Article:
Bone broth has been used for centuries in many different cultures around the world. It’s a nutrient dense food that is very nourishing and healing, and very easy and inexpensive to make. It’s a truly super food. Making bone broth is very sustainable and in harmony with traditions, as not only you use the meat only, but the bones as well. Not only broth can be used to make delicious soups, sauces and stews, but it can also be consumed for its incredible health properties, or to nourish someone that is very ill or that can’t eat. It’s a warm, soothing and nourishing food for the body, mind and soul.
The collagen found in the bone broth helps to seal a leaky gut and helps to support healthy skin, nails and hair, and can even reduce the appearance of cellulite. Bone broth also contains glucosamine, which helps to reduce inflammation, arthritis and joint pain. Consuming bone broth is a great way to naturally boost the immune system and is a very efficient way to treat cold and flus, food intolerances, allergies and asthma. Bone broth is also an excellent source of easily absorbed amino acid and minerals such as calcium, magnesium, silicon, and phosphorus, which helps to keep and build strong and healthy bones. The glycine found in bone broth can help to detoxify the body and improve brain function as well.
When making broth, it’s very important to use bones, joints and meat that comes from healthy animals. Make sure you get organic pastured-raised poultry, grass-fed meat or wild-caught fish to avoid growth hormones, antibiotics and other toxins. I also believe the energy of the broth will be very different. Fresh herbs should be added for flavors but vegetables, spices and sea salt are optional. Vinegar is a very important component in broth as it helps to pull minerals out of the bones. Broth should be simmered for long hours and should ideally be made at home.
If you ever wondered what is the difference between stock and broth, well it’s very simple. Broth is a seasoned liquid that is usually made out of meat and bones. It tastes great on its own. Stock is an unseasoned liquid that is usually made out of bones only. It has a stronger taste and doesn’t taste great on its own. Broths and stocks can be made from poultry, beef or fish, but they can also be made from other types of animals. If you use fish bones, you will have a more iodine-rich broth, which is excellent to support thyroid’s health. The type of broth you make depends of the purpose.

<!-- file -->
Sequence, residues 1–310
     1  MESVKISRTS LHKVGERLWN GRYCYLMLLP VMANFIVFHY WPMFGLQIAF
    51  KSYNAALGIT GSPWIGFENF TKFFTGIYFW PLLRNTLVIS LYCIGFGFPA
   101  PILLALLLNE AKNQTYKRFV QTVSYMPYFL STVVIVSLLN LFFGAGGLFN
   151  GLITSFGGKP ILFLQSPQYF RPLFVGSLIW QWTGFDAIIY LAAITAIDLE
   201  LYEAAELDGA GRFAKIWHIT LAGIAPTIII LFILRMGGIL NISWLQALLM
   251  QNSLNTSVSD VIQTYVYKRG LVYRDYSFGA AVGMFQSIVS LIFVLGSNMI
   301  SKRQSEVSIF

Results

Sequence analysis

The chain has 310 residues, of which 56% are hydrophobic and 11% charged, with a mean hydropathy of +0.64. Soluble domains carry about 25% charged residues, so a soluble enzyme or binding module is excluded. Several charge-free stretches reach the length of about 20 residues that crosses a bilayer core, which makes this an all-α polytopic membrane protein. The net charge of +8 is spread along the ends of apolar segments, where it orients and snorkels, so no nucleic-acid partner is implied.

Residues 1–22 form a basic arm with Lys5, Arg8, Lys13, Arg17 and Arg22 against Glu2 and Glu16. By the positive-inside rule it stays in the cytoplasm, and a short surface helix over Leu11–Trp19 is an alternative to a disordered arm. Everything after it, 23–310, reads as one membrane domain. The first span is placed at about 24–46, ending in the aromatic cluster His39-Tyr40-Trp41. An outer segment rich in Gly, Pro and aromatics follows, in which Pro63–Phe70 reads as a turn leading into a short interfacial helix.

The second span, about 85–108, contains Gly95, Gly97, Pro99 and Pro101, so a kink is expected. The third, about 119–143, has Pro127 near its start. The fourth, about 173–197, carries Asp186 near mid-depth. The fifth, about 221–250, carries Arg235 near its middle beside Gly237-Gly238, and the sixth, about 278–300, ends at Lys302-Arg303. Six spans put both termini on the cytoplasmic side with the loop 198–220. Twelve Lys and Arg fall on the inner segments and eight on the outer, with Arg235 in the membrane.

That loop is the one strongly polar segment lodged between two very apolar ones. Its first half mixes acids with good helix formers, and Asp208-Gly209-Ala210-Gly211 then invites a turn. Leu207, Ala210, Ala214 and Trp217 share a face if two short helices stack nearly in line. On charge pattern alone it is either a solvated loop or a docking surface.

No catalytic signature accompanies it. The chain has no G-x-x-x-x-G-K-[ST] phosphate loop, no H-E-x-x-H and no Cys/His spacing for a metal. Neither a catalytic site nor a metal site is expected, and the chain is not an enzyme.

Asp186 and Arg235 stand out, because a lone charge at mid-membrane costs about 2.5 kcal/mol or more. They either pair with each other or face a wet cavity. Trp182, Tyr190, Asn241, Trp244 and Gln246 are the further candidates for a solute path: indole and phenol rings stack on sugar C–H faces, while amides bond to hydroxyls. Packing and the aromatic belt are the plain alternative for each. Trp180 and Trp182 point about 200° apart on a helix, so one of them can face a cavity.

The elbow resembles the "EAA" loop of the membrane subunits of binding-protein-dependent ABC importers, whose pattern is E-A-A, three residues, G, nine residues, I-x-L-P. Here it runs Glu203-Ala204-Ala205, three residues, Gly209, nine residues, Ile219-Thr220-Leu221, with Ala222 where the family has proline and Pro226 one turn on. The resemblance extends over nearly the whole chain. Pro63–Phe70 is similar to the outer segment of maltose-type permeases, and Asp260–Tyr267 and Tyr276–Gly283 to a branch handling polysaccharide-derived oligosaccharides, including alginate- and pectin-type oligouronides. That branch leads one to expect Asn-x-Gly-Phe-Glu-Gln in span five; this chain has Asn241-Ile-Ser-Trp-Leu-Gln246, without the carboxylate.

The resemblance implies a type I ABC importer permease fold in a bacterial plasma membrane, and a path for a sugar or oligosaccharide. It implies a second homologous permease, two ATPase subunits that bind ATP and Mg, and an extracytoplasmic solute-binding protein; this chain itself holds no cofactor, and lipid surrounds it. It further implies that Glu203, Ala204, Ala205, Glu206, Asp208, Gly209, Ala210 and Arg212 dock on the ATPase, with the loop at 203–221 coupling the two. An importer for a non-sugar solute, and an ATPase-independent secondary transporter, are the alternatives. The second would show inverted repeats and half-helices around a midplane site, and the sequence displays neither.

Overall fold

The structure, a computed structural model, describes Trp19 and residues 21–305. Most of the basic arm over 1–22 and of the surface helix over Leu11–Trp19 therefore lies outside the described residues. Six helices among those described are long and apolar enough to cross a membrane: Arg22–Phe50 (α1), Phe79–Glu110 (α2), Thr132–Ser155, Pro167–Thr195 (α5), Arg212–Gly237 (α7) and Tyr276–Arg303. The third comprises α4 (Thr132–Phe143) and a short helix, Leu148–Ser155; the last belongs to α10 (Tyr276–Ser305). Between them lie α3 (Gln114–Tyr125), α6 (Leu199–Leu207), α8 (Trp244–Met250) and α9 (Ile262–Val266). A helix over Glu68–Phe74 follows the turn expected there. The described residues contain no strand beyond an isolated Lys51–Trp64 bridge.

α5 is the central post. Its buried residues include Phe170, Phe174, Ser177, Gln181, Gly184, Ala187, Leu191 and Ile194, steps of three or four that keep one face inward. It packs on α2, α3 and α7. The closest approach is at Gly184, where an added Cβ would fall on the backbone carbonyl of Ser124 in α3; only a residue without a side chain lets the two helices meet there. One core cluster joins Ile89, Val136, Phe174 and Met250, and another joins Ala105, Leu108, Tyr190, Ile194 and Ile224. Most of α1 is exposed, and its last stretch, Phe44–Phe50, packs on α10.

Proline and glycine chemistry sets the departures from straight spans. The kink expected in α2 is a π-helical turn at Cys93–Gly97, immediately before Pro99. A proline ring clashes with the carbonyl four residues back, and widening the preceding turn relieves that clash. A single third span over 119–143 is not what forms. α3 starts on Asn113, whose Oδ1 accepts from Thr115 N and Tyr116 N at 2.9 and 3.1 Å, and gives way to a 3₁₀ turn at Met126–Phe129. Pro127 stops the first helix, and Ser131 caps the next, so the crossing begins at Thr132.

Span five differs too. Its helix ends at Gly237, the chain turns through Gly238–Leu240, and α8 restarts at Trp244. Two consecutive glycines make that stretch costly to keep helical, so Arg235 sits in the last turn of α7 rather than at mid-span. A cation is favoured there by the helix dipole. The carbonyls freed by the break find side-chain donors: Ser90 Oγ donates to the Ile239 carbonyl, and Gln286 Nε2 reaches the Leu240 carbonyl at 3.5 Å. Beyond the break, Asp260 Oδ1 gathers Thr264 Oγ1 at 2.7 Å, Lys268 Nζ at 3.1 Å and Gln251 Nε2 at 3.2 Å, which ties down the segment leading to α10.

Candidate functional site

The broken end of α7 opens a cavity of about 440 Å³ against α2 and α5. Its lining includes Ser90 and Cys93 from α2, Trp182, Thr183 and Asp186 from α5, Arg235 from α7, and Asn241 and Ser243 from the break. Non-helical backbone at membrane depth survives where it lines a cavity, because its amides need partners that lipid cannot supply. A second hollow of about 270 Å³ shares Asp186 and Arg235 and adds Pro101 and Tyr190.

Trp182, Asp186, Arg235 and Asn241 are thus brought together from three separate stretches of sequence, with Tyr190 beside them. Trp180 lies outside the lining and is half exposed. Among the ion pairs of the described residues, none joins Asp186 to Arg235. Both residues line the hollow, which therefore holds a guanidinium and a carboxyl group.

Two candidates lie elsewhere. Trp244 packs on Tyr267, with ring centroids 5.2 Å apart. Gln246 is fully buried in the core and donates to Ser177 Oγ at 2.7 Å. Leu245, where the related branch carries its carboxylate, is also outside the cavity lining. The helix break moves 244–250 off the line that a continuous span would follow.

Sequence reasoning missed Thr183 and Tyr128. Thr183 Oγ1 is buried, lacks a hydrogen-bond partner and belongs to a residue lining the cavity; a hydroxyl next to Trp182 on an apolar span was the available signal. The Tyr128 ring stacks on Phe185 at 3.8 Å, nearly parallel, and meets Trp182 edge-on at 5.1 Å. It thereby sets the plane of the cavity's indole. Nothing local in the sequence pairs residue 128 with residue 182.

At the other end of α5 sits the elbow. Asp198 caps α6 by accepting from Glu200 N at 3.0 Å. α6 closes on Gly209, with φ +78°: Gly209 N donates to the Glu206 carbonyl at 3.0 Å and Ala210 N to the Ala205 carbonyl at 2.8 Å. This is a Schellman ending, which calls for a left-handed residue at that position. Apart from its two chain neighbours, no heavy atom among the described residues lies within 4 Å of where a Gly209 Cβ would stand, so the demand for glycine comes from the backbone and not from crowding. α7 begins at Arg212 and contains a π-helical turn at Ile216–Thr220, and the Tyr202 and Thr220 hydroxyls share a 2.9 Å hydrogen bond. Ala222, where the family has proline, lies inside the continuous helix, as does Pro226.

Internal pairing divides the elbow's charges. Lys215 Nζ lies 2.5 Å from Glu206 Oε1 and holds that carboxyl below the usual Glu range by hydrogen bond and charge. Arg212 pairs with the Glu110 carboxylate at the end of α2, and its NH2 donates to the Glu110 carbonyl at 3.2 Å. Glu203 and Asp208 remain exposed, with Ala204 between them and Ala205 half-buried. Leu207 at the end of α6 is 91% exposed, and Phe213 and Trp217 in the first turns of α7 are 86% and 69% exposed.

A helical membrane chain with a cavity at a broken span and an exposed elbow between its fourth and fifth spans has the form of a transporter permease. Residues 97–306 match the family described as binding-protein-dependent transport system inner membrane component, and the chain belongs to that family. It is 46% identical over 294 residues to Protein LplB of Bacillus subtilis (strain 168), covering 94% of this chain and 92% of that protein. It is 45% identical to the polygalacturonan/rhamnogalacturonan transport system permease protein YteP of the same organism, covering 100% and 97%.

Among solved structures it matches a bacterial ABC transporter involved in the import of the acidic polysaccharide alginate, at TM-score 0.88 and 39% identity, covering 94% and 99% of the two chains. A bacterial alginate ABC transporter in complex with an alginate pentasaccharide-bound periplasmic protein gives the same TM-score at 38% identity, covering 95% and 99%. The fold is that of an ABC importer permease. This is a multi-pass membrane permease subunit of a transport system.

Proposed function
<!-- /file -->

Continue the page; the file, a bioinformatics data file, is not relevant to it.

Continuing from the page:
Broth should be made at home. The ones you can buy at the store are not a whole food and do not provide the same nutritional aspect. They are not healing. They are actually processed and do not contain any gelatin or other important nutrients. They may even contain MSG, additives or fillers. And let’s be honest; there is nothing more nourishing than having a bowl of soup made at home from someone who loves and cares about you.
Broth is usually made in a large stockpot on the stove but it can also be made in a crockpot if you have to leave the house. That way, it can simmer the whole day and can be ready when you get back home. When the broth is done, reserve the meat and filter the broth to keep the liquid only. You can now consume it immediately, or you can make a soup with it, or you can refrigerate it or freeze it for later use. If you do so, add the broth into jars and allow them to cool down before storing them. Broth will last for about a week in the refrigerator or several months in the freezer. When you reheat your broth, always reheat on the stove; do not use the microwave.
I hope you enjoy this chicken bone broth recipe. This is the one I make at home. It’s very easy to make, very nourishing and very flavorful.
- 1 whole organic chicken, or 2-3 pounds of bones such as neck, back and wings
- 3-5 organic chicken feet*, optional
- 2 carrots, chopped
- 3 celery stalks, chopped
- 1 onion, peeled and chopped
- 4 cloves garlic, mashed
- Bunch of fresh thyme or parsley
- 2 bay leafs
- 1 tbsp black peppercorn
- 1 ½ tsp sea salt, optional
- 2 tbsp unpasteurized apple cider vinegar
- 4-6 cups cold filtered water
- Add the whole chicken or the bones if using bones only into a large stockpot or crockpot.
- Add vegetables, herbs and spices.
- Fill the pot with cold, filtered water, and add vinegar.
- Bring to a boil, reduce heat to low, and let simmer for a few hours.
- Skim any foam you see at the surface.
- -If using a whole chicken, the meat will start to separate after a couple hours. Simply remove the chicken from the pot and separate the meat from the bones. Keep the chicken meat for later use and place the carcass back into the pot and continue simmering for another 12 hours.
- -If using bones only, let simmer for about 24 hours.
- When broth is ready, turn off heat, remove remaining bones, allow to cool down and strain the liquid into jars. You can also consume your broth immediately or use it as a base for your soup. If not, store in the refrigerator or freezer for later use.
-The chicken will be cooked before the broth is ready. Reserve the poached chicken for later use to add in your soups, salads or to make chicken salad.
-The longer you simmer the broth, the better.
Credit picture: Prairie Health & Wellness